We do this so there is no second guessing what our intentions are.  We don’t gamble or assume other motorists know what our next step is, we use our horn, lights and signals.  We do this by communicating in traffic, honking, signaling, and establishing eye contact.

Bottom line, you need to be constantly aware of space for your vehicle and clear visibility to get around.

All Good Kids Like Milk is pretty simple to remember.  It’s a World Class Driving System created by UPS.  Their drivers have a long history of being among the safest in the entire transportation industry.  That’s good enough for me.  I hope you find it useful as well.

And for anyone who is in such a hurry that they are riding bumpers, talking or sending messages, not allowing others to merge in, or cutting across lanes of heavy traffic with no regard, I have to ask:

Who will you be leaving behind?

When that accident finally occurs, who will you be leaving behind? And, is your situation so important you will risk taking someone from their family?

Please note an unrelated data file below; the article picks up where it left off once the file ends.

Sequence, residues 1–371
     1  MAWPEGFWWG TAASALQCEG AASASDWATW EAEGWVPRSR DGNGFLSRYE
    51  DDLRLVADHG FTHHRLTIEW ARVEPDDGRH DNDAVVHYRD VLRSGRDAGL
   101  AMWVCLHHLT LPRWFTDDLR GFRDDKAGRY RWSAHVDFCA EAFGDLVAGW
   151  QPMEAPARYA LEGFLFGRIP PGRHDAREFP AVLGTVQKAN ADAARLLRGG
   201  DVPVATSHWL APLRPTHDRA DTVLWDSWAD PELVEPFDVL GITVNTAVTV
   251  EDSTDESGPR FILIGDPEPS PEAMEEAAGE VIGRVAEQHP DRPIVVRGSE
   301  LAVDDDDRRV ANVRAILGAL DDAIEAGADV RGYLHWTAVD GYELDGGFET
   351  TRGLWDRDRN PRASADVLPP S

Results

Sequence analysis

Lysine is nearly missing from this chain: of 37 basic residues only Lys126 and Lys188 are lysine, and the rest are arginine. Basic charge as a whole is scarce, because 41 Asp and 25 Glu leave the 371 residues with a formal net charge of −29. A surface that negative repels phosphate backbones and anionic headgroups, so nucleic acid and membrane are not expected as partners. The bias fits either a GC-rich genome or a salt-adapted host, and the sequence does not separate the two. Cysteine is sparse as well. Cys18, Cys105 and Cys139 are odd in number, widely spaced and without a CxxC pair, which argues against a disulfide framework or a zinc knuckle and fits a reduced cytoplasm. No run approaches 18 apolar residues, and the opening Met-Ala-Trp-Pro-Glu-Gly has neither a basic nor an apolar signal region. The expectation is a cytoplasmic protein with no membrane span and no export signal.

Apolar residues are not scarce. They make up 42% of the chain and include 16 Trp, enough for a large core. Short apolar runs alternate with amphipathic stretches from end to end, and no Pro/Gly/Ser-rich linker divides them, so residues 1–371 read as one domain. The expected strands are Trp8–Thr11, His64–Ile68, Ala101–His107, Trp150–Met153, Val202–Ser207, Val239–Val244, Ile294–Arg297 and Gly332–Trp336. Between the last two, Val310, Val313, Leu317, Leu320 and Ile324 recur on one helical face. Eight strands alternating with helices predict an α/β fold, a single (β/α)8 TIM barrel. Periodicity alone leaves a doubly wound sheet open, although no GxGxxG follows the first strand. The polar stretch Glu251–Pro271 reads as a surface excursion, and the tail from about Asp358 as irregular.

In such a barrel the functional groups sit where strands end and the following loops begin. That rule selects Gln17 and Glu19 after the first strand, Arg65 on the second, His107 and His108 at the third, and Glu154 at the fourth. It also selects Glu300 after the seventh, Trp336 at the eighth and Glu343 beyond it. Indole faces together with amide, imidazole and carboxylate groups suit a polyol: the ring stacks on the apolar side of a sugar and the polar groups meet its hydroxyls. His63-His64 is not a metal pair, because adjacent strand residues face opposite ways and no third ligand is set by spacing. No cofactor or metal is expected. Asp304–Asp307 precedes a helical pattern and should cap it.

All Good Kids Like Milk.

Safe travels this holiday season, and always.


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About PR

I’m an “Oily Yogi” ready to inspire you to reach for limitless possibilities.

With a lifetime of experience in the outdoors, one of my biggest joys is to share my passion for adventure with others. After spending decades in suits and buildings, I found a way to combine the office and the outdoors in a way that optimizes positive results. There is a clearly defined correlation between nature, sensory contact, and high impact performance.

I am recognized as a change agent, who inspires people to allow their dreams to become reality through group and individual experiential settings. But perhaps the best gift I can bring to the table is my passion for your wellbeing. I enjoy coaching and training others to achieve their personal and professional goals, focusing on health, wellness wholeness, and limitless possibilities. Everything starts with the self; and is unique to each person. Simply tuning into the breath, mindfulness, and gentle movement for starters. Whenever I can, we take the work outside.

Life is an adventure! Whether it’s a business or personal situation, career path or life path, As Chief Experience Officer of PR Brady AdVentures, my passion is Inspiring Limitless Possibilities, Bringing Our Best Selves to Life.
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  1. Hey lady, it’s Minnesota calling! What a wonderful, fabulous trip you’ve had – I can’t wait to see the pictures!

  2. you have to give credit to Harold Smith who copyrighted/ trademark this set of safety driver ideas/seeing habits…